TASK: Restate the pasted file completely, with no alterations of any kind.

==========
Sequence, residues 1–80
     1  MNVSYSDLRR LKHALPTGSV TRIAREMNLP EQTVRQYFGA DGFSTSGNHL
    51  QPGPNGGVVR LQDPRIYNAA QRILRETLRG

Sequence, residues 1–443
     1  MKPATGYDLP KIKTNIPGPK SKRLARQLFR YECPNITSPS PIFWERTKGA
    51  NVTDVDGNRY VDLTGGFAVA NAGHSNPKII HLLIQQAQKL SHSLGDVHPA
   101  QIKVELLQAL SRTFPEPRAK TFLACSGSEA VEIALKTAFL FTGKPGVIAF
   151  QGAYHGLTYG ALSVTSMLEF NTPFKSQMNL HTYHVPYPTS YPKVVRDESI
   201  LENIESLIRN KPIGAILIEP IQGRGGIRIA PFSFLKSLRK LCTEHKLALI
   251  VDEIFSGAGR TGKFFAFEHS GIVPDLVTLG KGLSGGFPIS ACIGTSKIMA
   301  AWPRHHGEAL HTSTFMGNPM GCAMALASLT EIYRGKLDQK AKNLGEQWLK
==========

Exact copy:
Sequence, residues 1–80
     1  MNVSYSDLRR LKHALPTGSV TRIAREMNLP EQTVRQYFGA DGFSTSGNHL
    51  QPGPNGGVVR LQDPRIYNAA QRILRETLRG

Sequence, residues 1–443
     1  MKPATGYDLP KIKTNIPGPK SKRLARQLFR YECPNITSPS PIFWERTKGA
    51  NVTDVDGNRY VDLTGGFAVA NAGHSNPKII HLLIQQAQKL SHSLGDVHPA
   101  QIKVELLQAL SRTFPEPRAK TFLACSGSEA VEIALKTAFL FTGKPGVIAF
   151  QGAYHGLTYG ALSVTSMLEF NTPFKSQMNL HTYHVPYPTS YPKVVRDESI
   201  LENIESLIRN KPIGAILIEP IQGRGGIRIA PFSFLKSLRK LCTEHKLALI
   251  VDEIFSGAGR TGKFFAFEHS GIVPDLVTLG KGLSGGFPIS ACIGTSKIMA
   301  AWPRHHGEAL HTSTFMGNPM GCAMALASLT EIYRGKLDQK AKNLGEQWLK